The island of Jamaica remained under Spanish rule for nearly two centuries, from the first time Christopher Columbus set foot on its shores in 1494 until 1655 when the British arrived. During their rule, the Spanish enslaved the native Taino Indians, also known as the Arawaks, who quickly succumbed to the conditions of slavery and from diseases introduced by the Spanish conquerers. The majority died leaving the Spanish with limited options for supplementing their dwindling workforce, so they turned to the importation of African slaves, a practice that was replicated throughout the Spanish territories in the Caribbean and the Americas.
By 1530, slave revolts had broken out in Mexico, Hispaniola and Panama with many fleeing to create independent colonies. The Spanish called these free slaves "Maroons," a word derived from "Cimarron," which means "fierce" or "unruly". Ironically the name is also an apt description of a people marooned on lands far from home with no way to return home.
The British conquest of Jamaica in 1655, forced the Spanish to flee to the northern coast of Jamaica, and from there most Spanish colonists fled from the island, but some remained to form a resistance force to fight the British under the leadership of Don Christobal de Yassi. Many Spanish slaves took the opportunity to join the Maroons who had previously ran away from the Spanish masters and set up home bases in the interior mountains. Of the slaves that chose not to leave with the Spanish, some escaped to join the Maroons of their own volition, while others were encouraged to do so by the Spanish rearguard in order to help them hinder the progress of the British. Promises for future manumission made the suggestion palatable; the possibility of freedom making the endeavor worthy of the risk.
For the Maroons the idea of trading one master for another along with promises of manumission were sufficient incentive to impede the British efforts to drive the Spaniards from Jamaica. This led to the Spanish occupiers wrongly concluding that the Maroons were loyal to the Spanish crown. This notion eventually proved wrong when the first British governor of the island, Edward D'Oyley previously a lieutenant-colonel in General Robert Venables's regiment, built an alliance with a Maroon leader who was instrumental in routing the remaining Spaniards from the island. By 1660, the last of the Spanish had fled for Cuba.
There were initially four main polinks, or mountain farms, established by the maroons during the first ten years of English occupation. The main one was located in Lluidas Vale -- currently also known as Worthy Park -- under the leadership of a maroon leader named Juan Lubolo, later known to the English as Juan de Bolas. There were two to the west; Vermahalies under the command of a Maroon leader called Juan De Serras and another in Porus. A fourth existed to the east in the Blue Mountains where those maroons existed in relative seclusion and isolation and is believed to have coexisted and possibly cohabitated with the few remaining Taino Indians who had fled Spanish rule to the relative safety of the Blue Mountains.
With dreams of freedom evoked by Spanish promises of manumission, the early alliance between the Maroons and the Spanish were initially effective in thwarting the British, but as the promised arrival of large scale spanish reinforcements failed to materialize, so did the hope of ever gaining freedom, and so, Juan de Bolas decided an actual settlement with the British, who far outnumbered the remaining Spanish, was a much better bet compared to the options proffered by the Spanish.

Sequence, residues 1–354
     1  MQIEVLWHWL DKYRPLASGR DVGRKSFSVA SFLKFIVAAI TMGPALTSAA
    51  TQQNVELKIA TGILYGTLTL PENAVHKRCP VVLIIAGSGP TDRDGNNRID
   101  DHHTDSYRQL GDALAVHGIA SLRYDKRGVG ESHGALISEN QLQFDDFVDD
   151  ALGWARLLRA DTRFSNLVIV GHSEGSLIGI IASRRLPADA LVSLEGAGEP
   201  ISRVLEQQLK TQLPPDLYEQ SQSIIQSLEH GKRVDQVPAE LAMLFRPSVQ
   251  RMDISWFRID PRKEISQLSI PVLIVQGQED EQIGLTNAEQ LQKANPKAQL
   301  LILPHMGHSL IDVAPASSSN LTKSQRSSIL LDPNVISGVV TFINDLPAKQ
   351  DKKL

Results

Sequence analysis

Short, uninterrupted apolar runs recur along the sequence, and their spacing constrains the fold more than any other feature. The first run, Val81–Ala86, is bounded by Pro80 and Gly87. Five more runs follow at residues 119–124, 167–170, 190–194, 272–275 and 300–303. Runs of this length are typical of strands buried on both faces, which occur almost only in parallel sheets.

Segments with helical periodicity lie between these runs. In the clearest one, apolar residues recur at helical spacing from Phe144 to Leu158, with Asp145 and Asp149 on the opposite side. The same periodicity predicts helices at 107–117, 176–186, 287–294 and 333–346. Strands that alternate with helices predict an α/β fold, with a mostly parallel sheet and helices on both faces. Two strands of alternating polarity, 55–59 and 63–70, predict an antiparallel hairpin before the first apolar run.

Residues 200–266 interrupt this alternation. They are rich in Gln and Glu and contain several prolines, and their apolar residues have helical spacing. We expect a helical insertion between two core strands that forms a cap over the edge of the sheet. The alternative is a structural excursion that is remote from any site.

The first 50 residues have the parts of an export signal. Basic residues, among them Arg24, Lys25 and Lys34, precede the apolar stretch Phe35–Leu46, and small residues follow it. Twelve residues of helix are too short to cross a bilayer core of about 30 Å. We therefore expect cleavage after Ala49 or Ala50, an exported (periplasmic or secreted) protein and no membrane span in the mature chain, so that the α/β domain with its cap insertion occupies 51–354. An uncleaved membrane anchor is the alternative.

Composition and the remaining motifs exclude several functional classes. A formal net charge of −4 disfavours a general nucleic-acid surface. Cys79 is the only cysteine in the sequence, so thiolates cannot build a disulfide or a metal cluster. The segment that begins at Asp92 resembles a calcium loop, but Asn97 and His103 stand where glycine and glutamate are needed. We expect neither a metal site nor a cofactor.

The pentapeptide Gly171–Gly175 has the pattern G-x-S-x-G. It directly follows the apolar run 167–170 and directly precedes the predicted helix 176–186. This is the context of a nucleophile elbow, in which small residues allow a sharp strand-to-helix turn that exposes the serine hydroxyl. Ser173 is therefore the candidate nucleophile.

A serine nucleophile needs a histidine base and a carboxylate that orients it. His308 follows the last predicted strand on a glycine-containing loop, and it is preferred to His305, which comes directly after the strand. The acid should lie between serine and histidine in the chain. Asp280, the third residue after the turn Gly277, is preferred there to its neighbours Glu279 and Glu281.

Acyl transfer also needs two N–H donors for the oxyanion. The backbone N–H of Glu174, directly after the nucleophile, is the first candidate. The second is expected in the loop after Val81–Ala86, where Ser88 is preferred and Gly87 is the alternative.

Memorial in Lluidas Vale. Photo courtesy of Diana Thorborn
Juan de Bolas lived and hunted on the mountain range you are facing. He was the 17th century warrior and political thinker, and also, at first, a resistance leader against the English invaders of 1655. But, in a stunning reversal, he helped change the course of our history from a Spanish-speaking people to English Jamaica. Juan de Bolas (his African name was Lubolo) saw that the former Spanish masters, who were losing to the English, had secured for themselves the ability to flee to Cuba. This would leave the blacks in the lurch. So he sensibly put the survival of his people first. He made a treaty with the English. He was made a Colonel by the English and he helped to secure their victory. He was assassinated by others of the mountain guerillas who favoured the Spanish cause.
The tide turned against the Spanish during the period of 1659-1660 when de Bolas and his men led a force of British soldiers to the Spanish encampment in Ocho Rios, where they killed half the Spanish forces. This was the beginning of the end for the Spanish who eventually fled the island for Cuba in April 1660. Three years later in 1663, the English Governor signed the first maroon treaty, granting de Bolas and his people land on the same terms as British settlers, to be enjoyed with the same liberties and privileges of the English, with some conditions, one of which was that their children must be raised in the English tongue. Juan de Bolas was named Colonel of the Black Militia, and he and others under his leadership appointed Magistrates over the negroes. This treaty, though the first of its kind, was later superseded by the Treaty of 1739, signed after the first Maroon wars ended. The Treaty of 1739 is known in the history books as the first Treaty between the British and the Maroons, overshadowing the pivotal accomplishments of Juan de Bolas and his maroon warriors without whom Jamaica's history may well have been much different.
Not all Maroons however, agreed with the alliance forged between de Bolas and the British. Juan de Bolas was eventually killed in an ambush, probably by Vermahalies under Juan de Serras's leadership. In 1670 after the murder of five hunters and six settlers in Clarendon, bounties were placed on the heads of the leadership of the Vermahalies and the government decreed that settlers traveling more than two miles should be armed, and anyone caught trading with the Vermahalies would be punished as an accomplice.
The next 60 years saw escalating tension with the British who could not dislodge the Maroons from their mountain fortresses. It was around 1720 that things really began to heat up. Cudjoe was rising in power among the Maroons in the west, while Quao and Nanny took a separatist approach holding together parts of the Windward Maroons, but never joining forces under a single leader like their counterparts in the west.
By 1720, the Maroons went on the offensive raiding British plantations along the base of mountains, eventually erupting into a state of open warfare between the British and the Maroons from 1729 to 1739.